It was an improbable end for the exotic dancer and courtesan, whose name became a metaphor for the siren spy who coaxes secrets from her paramours. Her execution merited a scant four paragraphs inside The New York Times, which called her “a woman of great attractiveness and with a romantic history.”

Mystery continues to surround Mata Hari’s life and alleged double agency, and her story has become a legend that still piques curiosity. Her life has spawned numerous biographies and cinematic portrayals, including, most famously, the 1931 film Mata Hari, starring Greta Garbo as the courtesan-dancer and Ramon Novarro as Lieutenant Alexis Rosanoff.

Happy Birthday Yves Saint Laurent

Today is the 78th birthday of Yves Saint Laurent.

NAME: Yves Saint Laurent
OCCUPATION: Fashion Designer
BIRTH DATE: August 1, 1936
DEATH DATE: June 1, 2008
PLACE OF BIRTH: Oran, Algeria
PLACE OF DEATH: Paris, France
FULL NAME:  Yves Henri-Donat-Mathieu Saint Laurent

BEST KNOWN FOR: Yves Saint Laurent was best known as an influential European fashion designer who impacted fashion in the 1960s to the present day.

Yves Henri Donat Matthieu Saint Laurent was born on August 1, 1936, in Oran, Algeria, to Charles and Lucienne Andrée Mathieu-Saint-Laurent. He grew up in a villa by the Mediterranean with his two younger sisters, Michelle and Brigitte. While his family was relatively well off—his father was a lawyer and insurance broker who owned a chain of cinemas—childhood for the future fashion icon was not easy. Saint Laurent was not popular in school, and was often bullied by schoolmates for appearing to be homosexual. As a consequence, Saint Laurent was a nervous child, and sick nearly every day.

He found solace, however, in the world of fashion. He liked to create intricate paper dolls, and by his early teen years he was designing dresses for his mother and sisters. At the age of 17, a whole new world opened up to Saint Laurent when his mother took him to Paris for a meeting she’d arranged with Michael de Brunhoff, the editor of French Vogue.

A year later, Saint Laurent, who had impressed de Brunhoff with his drawings, moved to Paris and enrolled at the Chambre Syndicale de la Couture, where his designs quickly gained notice. De Brunhoff also introduced Saint Laurent to designer Christian Dior, a giant in the fashion world. “Dior fascinated me,” Saint Laurent later recalled. “I couldn’t speak in front of him. He taught me the basis of my art. Whatever was to happen next, I never forgot the years I spent at his side.” Under Dior’s tutelage, Saint Laurent’s style continued to mature and gain still more notice.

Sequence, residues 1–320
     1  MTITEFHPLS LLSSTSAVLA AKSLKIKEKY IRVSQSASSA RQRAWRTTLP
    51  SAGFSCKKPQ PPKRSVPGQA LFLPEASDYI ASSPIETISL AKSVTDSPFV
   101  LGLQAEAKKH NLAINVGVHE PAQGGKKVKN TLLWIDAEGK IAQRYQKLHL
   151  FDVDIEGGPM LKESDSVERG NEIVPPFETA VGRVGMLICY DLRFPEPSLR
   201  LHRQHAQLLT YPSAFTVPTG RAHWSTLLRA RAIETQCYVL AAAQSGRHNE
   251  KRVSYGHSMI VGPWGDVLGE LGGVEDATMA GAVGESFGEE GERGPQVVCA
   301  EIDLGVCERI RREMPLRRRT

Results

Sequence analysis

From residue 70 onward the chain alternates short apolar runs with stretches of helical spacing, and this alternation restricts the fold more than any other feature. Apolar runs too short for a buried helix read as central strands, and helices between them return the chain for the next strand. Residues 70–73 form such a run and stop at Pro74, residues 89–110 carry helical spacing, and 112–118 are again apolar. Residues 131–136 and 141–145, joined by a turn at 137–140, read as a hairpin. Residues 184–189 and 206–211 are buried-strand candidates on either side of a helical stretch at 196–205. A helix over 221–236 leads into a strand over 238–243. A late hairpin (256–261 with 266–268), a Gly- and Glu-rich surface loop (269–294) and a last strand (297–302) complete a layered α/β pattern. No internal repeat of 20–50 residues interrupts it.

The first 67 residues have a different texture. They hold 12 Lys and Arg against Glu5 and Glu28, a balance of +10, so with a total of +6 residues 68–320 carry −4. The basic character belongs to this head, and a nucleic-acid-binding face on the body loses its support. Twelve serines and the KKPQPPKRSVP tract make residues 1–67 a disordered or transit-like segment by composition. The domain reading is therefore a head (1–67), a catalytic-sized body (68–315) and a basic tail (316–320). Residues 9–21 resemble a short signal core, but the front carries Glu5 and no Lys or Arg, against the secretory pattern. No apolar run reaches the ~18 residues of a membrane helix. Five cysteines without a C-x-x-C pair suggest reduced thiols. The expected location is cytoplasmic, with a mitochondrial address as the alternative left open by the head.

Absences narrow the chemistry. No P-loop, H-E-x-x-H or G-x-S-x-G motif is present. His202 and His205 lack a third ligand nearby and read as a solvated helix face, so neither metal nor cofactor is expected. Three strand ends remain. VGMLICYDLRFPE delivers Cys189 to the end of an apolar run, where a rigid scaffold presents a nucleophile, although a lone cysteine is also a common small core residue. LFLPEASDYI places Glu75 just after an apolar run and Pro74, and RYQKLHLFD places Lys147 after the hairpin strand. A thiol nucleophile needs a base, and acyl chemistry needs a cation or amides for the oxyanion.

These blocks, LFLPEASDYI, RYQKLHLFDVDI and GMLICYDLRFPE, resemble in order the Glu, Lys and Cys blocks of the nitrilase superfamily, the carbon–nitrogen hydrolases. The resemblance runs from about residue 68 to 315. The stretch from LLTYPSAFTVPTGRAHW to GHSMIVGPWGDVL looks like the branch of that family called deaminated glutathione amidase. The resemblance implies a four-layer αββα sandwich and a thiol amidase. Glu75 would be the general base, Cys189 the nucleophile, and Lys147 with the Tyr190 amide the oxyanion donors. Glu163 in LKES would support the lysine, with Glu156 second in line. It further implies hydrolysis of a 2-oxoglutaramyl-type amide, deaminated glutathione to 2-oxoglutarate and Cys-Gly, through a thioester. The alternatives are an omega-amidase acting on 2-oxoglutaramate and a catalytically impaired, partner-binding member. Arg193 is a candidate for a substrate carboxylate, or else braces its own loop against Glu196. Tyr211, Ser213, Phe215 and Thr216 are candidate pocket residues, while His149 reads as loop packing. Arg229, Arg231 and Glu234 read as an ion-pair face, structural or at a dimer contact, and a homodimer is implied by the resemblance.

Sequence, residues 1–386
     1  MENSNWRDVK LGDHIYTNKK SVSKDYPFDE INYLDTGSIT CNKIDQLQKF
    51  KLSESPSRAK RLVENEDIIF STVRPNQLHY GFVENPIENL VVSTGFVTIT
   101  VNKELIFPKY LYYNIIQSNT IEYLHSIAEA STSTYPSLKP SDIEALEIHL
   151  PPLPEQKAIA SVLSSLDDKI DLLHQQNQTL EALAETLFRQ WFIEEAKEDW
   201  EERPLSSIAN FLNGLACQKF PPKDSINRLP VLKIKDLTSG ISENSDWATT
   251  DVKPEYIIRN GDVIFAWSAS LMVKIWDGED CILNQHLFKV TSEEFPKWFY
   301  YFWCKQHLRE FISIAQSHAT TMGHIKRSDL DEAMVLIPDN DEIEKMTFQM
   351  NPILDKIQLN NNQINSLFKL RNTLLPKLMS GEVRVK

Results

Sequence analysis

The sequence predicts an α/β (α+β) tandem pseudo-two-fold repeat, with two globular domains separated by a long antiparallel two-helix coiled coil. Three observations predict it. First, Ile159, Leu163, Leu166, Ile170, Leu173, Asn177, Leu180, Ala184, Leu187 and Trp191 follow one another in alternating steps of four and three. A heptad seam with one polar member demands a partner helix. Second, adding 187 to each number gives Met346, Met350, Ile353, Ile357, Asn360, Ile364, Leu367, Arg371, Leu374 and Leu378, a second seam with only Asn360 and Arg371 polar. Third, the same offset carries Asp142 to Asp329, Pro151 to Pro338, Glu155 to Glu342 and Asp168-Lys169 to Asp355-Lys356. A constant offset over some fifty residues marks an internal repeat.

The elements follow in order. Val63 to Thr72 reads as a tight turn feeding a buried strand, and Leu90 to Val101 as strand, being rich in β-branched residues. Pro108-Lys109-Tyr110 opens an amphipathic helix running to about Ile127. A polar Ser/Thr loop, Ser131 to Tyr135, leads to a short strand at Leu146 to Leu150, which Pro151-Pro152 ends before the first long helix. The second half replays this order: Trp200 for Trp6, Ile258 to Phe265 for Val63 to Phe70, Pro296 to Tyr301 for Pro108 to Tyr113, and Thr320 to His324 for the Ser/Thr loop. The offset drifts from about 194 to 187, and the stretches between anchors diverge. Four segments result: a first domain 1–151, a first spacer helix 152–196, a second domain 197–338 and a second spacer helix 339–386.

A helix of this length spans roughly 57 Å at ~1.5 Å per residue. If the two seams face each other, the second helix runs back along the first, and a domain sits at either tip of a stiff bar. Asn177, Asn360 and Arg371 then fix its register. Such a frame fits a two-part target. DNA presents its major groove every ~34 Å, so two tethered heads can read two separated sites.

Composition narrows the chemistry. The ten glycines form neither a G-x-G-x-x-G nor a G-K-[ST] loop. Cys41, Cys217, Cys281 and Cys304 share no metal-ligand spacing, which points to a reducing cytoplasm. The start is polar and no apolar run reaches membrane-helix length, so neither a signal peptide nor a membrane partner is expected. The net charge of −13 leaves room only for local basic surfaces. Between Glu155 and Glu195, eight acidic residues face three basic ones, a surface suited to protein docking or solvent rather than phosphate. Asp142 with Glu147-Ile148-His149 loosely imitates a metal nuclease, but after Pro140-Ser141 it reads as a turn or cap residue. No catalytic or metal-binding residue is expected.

In 1960 Saint Laurent was called back to his home country of Algeria to fight for its independence. He managed to secure an exemption based on health grounds, but when he returned to Paris, Saint Laurent found that his job with Dior had disappeared. The news, at first, was traumatic for the young, fragile designer. Then it became ugly, with Saint Laurent successfully suing his former mentor for breach of contract, and collecting £48,000.

The money and the freedom soon presented Saint Laurent with a unique opportunity. In cooperation with his partner and lover, Pierre Berge, the designer resolved to open his own fashion house. With the rise of pop culture and a general yearning for original, fresh designs, Saint Laurent’s timing couldn’t have been better.

Over the next two decades, Saint Laurent’s designs sat atop the fashion world. Models and actresses gushed over his creations. He outfitted women in blazers and smoking jackets, and introduced attire like the pea coat to the runway. His signature pieces also included the sheer blouse and the jumpsuit.

By the 1980s, Yves Saint Laurent was a true icon. He became the first designer to have a retrospective on his work at the Metropolitan Museum in New York City. Under the direction of Berge, who continued to manage Saint Laurent’s firm even though the two had broken up in 1986, the fashion house flourished as a money making venture.

But Saint Laurent struggled. He became reclusive, and fought addictions to alcohol and cocaine. Some in the fashion world complained that the designer’s work had grown stale.

In the early 1990s, Saint Laurent found firmer footing. His designs were rediscovered by a fashion elite that had grown tired of the grunge movement that dominated the runways. Saint Laurent, too, seemed to have conquered his demons. By the end of the decade, with Saint Laurent slowing down his work pace, he and Berge had sold the company they’d started, netting the two men a fortune.